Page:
12. August 12, 2010 7:05 am

    I’ve recently reread The Blue Castle and the Anne books as well. Are you also a fan of her Emily series? If you haven’t discovered them yet, I think you’re in for a treat. I’m also fond of her Pat duology, especially for the smart comments that Judy makes in there as she insists upon her love of “spinsterhood”.

  13. August 12, 2010 7:14 am

    I am SO glad you finally got to read The Blue Castle! I read it earlier this year and had the same reaction of “Why has it taken me so long to find you?!?!” I agree that it’s a wonderful cross of I Capture the Castle and something Anne Shirley would write… It was both touching and hilarious and I loved it dearly. The family scenes in particular cracked me up!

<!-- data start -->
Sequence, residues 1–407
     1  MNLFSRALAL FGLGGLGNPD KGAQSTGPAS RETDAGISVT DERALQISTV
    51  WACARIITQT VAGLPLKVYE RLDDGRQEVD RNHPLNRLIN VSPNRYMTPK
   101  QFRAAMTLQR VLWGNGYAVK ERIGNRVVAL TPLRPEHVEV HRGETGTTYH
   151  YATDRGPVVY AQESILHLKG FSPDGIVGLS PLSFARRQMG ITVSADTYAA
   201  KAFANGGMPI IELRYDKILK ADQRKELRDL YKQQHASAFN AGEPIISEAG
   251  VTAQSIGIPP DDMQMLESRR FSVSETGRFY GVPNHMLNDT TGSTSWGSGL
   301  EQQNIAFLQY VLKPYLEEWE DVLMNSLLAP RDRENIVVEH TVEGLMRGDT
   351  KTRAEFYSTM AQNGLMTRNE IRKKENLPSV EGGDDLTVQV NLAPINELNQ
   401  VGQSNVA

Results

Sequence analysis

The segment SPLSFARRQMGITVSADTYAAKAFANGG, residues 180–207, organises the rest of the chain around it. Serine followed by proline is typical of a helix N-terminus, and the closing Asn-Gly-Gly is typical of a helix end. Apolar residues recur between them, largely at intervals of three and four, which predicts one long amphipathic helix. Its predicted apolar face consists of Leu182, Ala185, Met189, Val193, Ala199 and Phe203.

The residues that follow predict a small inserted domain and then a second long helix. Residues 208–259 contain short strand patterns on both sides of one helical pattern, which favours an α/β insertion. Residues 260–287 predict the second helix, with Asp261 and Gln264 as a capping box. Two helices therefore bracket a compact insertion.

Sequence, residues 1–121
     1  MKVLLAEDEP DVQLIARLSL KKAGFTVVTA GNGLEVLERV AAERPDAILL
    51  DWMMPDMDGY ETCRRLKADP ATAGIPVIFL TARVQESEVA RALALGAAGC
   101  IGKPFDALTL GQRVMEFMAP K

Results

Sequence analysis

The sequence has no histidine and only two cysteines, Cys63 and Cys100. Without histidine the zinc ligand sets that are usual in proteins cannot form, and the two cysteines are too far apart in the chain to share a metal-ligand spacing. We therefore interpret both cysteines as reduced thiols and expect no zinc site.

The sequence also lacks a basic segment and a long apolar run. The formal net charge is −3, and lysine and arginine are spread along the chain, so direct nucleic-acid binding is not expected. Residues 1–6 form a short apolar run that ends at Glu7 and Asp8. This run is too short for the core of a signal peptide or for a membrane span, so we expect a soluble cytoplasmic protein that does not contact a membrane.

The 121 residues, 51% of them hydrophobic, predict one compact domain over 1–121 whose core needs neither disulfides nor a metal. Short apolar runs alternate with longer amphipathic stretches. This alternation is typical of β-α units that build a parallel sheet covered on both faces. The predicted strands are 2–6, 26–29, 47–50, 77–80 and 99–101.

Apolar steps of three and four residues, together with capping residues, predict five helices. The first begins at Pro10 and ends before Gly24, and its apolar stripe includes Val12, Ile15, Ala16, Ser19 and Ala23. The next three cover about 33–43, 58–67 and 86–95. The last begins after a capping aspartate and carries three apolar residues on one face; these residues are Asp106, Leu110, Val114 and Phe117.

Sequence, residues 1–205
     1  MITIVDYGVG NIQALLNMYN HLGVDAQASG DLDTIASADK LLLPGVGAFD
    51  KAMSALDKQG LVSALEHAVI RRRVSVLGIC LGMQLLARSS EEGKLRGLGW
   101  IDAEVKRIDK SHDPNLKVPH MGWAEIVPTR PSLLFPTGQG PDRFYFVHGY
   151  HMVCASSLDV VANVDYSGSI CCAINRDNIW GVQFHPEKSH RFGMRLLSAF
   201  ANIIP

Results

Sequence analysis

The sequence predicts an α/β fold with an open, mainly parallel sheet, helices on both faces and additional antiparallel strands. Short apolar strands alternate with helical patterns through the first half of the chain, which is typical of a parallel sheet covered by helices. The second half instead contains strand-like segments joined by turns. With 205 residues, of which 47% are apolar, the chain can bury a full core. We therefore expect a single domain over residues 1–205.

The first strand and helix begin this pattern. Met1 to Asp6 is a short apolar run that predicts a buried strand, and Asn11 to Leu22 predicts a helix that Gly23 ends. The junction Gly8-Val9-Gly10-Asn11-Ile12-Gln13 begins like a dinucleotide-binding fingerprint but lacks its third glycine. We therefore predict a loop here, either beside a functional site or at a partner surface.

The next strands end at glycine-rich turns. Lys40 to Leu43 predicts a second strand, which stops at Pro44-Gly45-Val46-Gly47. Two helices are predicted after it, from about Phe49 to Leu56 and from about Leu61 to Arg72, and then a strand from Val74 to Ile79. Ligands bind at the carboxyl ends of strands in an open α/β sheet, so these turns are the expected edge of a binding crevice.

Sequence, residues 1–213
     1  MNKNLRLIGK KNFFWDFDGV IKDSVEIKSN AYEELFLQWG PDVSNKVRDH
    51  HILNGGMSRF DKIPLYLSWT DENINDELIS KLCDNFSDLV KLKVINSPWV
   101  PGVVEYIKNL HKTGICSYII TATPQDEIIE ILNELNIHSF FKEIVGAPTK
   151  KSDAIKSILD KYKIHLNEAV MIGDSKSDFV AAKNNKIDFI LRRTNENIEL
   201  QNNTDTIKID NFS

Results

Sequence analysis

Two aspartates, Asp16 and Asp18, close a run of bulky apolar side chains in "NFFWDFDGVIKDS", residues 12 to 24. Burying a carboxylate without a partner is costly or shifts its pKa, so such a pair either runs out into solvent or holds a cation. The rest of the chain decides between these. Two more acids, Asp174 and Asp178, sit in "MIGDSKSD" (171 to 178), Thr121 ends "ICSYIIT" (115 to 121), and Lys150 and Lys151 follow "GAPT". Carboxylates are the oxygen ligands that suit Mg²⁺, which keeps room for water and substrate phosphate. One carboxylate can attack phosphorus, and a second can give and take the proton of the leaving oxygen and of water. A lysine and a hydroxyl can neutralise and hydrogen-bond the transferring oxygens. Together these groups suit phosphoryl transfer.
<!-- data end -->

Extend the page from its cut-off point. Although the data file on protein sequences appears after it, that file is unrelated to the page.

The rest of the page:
14. August 12, 2010 7:14 am

    Too bad the modesty book was so bad, it sounds interesting. I agree with you on Unhooked — I thought the book was fabulous, and really looked at the issue of young women’s sexuality in a nuanced and non-judgmental way.

  15. August 12, 2010 7:38 am

    I LOVE THE BLUE CASTLE!!!!! :D :D :D Probably my favorite Montgomery book. I really do need to re-read Anne though. I not only loved the fact that she was older, but that they didn’t have to be together and do the same things all the time, know what I mean. They could read independently, just hang out, go for walks together or alone, it seemed like a healthier relationship than a lot of books of that time showed. She had so much independence.

    The decorating book sounds like fun, I LOVE the color scheme. I do hope we get to see pictures of your room(s) when they are done :)